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In fact it is preferable as it is gentler on the battery.
This just isn’t true. The 6.6kW capacity of the onboard charger is not enough to be “hard” on the battery. No OEM is going to put a charger in a vehicle that could “damage” a very expensive battery that they warranty for 10 years or 150,000 miles. The van is fully capable of keeping the battery cool while L2 charging. And each individual cell is getting a very small charge current since they basically all charge simultaneously. You can L2 charge all you want without worrying about being “hard” on your battery. DC Fast charging is a different challenge with a small battery, but not one the Pacifica has to worry about.
 

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Just because you have a 200 amp panel and a 50 amp separate breaker and charger doesn’t mean that power draw from regions will just mean rolling blackouts . If there’s rolling blackouts now with ac usage , could you imagine when you add a abundance of level 2 chargers .
Back in the 50s/60s there were not so many homes with central AC. Imagine what people might have thought back then, “oh, with everyone putting in central AC it’s gonna put an enormous load on the grid”. Well, gradually it happened. Now practically everyone has AC and in most places the grid evolved and didn’t suffer much.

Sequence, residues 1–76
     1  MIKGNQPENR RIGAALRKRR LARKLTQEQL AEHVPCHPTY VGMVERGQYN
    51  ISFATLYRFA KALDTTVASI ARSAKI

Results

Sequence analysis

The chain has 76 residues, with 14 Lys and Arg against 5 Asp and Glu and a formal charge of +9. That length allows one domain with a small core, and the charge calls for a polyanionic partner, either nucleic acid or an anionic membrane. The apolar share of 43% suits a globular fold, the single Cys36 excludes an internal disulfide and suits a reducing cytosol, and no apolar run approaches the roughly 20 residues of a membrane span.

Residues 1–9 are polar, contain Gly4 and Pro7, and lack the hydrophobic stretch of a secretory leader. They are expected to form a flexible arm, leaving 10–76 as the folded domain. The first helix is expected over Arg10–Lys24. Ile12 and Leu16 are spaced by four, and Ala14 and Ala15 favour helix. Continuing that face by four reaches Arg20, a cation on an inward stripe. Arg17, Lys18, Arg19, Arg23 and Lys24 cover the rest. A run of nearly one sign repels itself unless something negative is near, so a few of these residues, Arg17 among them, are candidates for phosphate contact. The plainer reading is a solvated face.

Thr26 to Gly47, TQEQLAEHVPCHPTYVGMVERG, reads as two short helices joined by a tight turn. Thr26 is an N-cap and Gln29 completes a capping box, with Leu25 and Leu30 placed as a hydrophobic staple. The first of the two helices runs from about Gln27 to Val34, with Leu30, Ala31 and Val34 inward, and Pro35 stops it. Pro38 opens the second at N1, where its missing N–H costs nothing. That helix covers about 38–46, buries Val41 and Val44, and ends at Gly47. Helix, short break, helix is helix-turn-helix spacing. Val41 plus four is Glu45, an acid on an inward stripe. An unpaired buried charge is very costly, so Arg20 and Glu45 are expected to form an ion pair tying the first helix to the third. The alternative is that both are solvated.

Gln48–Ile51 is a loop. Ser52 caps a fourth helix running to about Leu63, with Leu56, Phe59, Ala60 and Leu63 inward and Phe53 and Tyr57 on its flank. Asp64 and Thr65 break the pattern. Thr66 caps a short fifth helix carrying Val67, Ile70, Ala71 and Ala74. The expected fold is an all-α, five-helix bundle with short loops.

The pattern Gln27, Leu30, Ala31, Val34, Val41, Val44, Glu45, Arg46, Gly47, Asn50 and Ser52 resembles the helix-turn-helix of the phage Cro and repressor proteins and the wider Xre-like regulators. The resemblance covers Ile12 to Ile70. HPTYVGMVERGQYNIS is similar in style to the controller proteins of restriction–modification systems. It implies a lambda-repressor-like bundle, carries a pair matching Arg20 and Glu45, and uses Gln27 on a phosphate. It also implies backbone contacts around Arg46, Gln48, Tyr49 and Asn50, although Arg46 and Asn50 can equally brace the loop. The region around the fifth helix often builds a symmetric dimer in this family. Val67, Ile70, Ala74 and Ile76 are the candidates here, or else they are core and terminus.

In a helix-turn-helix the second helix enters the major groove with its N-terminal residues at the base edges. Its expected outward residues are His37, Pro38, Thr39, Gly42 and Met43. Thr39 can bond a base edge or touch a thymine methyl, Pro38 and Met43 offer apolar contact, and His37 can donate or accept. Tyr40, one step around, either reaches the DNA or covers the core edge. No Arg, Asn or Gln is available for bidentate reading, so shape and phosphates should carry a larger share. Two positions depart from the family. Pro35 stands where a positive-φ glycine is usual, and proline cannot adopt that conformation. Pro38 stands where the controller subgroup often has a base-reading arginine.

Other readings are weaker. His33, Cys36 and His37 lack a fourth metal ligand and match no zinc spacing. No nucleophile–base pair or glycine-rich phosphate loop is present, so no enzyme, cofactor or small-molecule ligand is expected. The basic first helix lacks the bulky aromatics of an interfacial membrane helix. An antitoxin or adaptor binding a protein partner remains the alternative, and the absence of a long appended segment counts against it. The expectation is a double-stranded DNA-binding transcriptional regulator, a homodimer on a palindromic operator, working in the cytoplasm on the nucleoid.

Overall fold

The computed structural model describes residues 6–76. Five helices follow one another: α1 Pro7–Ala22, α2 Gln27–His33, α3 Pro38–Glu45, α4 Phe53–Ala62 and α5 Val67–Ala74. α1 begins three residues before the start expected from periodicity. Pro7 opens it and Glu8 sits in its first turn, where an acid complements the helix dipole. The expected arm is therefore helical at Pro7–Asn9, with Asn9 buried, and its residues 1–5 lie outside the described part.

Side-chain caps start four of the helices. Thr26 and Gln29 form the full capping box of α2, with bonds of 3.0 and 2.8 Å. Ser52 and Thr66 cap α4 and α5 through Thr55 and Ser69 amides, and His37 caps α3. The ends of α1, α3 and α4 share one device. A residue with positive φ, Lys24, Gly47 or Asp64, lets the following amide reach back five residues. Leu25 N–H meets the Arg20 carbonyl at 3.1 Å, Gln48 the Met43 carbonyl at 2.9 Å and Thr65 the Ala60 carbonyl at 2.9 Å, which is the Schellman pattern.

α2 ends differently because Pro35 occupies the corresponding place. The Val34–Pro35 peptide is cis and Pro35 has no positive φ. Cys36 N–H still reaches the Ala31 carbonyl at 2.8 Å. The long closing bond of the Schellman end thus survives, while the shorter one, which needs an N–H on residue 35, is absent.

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Back in the 50s/60s there were not so many homes with central AC. Imagine what people might have thought back then, “oh, with everyone putting in central AC it’s gonna put an enormous load on the grid”. Well, gradually it happened. Now practically everyone has AC and in most places the grid evolved and didn’t suffer much.
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In my area numerous homes are getting solar panels. That too is changing the dynamics of the grid. Before I got solar, I was drawing heavy Amps running the A/C. Today, even though we are running A/C, we putting Amps back to the grid so on sunny days our neighborhood is a bunch of producers rather than users. I do not know what the utility is doing but it will evolve.